English as a subject

Authored by: Viv Ellis

The Routledge Companion to English Studies

Print publication date:  March  2014
Online publication date:  March  2014

Print ISBN: 9780415676182
eBook ISBN: 9781315852515
Adobe ISBN: 9781317918929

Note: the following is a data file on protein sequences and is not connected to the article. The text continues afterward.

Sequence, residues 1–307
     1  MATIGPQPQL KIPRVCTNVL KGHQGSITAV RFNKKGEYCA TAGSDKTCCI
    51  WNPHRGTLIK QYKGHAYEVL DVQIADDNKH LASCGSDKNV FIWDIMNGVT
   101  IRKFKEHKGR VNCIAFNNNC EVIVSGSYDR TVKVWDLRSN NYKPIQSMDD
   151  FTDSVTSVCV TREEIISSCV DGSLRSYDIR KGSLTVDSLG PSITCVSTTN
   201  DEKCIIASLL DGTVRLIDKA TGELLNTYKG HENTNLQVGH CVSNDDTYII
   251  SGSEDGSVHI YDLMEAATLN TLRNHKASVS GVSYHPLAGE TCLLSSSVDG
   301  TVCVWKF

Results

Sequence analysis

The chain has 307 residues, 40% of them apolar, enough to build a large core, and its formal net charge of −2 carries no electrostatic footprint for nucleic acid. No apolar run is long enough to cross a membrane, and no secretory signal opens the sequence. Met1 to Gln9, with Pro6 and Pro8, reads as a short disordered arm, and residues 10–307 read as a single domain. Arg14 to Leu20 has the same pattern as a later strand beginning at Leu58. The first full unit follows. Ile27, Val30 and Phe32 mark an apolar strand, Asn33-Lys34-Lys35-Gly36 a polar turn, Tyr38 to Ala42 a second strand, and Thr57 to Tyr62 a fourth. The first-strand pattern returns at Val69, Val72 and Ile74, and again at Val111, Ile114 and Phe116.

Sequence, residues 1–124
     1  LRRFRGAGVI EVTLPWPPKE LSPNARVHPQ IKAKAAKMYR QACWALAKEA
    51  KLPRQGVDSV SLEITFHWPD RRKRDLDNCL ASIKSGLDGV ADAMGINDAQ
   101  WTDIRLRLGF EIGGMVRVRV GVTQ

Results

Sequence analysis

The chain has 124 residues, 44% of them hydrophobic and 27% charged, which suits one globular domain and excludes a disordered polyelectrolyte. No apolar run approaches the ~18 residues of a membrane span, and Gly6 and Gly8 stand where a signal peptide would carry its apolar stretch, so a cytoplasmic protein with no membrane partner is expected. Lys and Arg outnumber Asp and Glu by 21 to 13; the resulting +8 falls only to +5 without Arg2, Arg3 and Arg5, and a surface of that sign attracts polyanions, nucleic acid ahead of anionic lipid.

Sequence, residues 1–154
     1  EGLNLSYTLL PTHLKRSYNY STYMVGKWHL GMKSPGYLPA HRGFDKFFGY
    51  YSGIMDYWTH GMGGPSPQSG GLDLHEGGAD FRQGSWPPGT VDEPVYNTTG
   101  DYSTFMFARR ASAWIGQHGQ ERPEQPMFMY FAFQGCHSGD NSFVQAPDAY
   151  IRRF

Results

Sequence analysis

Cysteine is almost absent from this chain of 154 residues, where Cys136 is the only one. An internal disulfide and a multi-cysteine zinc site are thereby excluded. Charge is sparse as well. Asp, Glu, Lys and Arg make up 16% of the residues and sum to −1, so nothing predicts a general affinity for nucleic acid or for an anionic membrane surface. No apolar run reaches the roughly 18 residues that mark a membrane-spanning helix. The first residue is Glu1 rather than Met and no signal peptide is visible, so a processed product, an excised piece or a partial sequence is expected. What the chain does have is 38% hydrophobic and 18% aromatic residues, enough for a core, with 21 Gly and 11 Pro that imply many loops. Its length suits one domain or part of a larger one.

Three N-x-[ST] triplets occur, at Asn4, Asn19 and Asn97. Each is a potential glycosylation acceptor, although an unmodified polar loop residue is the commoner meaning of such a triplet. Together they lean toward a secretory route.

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This chapter examines two contrasting stories about the school and university subjects of English, with a particular focus on how language figures in accounts of their development, in the evidence we have of their pedagogical practices, and in the relationship between language and literature in the construction of the subject. In nominally anglophone countries, the position of language and language study in the subject of English has always been problematic and contested and this issue alone has given rise to numerous debates that have ranged from intellectual turf wars to full-blown crises of disciplinarity (e.g. Spivak 2003). Indeed, the histories of English (wherever it is practised) are so riven with contradictory emphases, methodologies and divergent ideological commitments that any attempt to provide a comprehensive analysis of the multiplicity of accounts would require an ambitious historiographical project. Within the scope of a short chapter such as this one, a much narrower focus is essential, so the discussion will be organized around an examination of two of the most powerful, contrasting, even contradictory stories: English as an instrument of colonial and class domination and English as a socially progressive project. In the course of the discussion, it will become apparent that, far from being mutually exclusive, both capture some of the historical problems driving this particular curriculum formation and both demonstrate that the need to tell such stories refers us to the specific social and material circumstances in which they are told (see also Chapter 2). This chapter, then, will approach English as a subject in terms of the concepts of domination and development.

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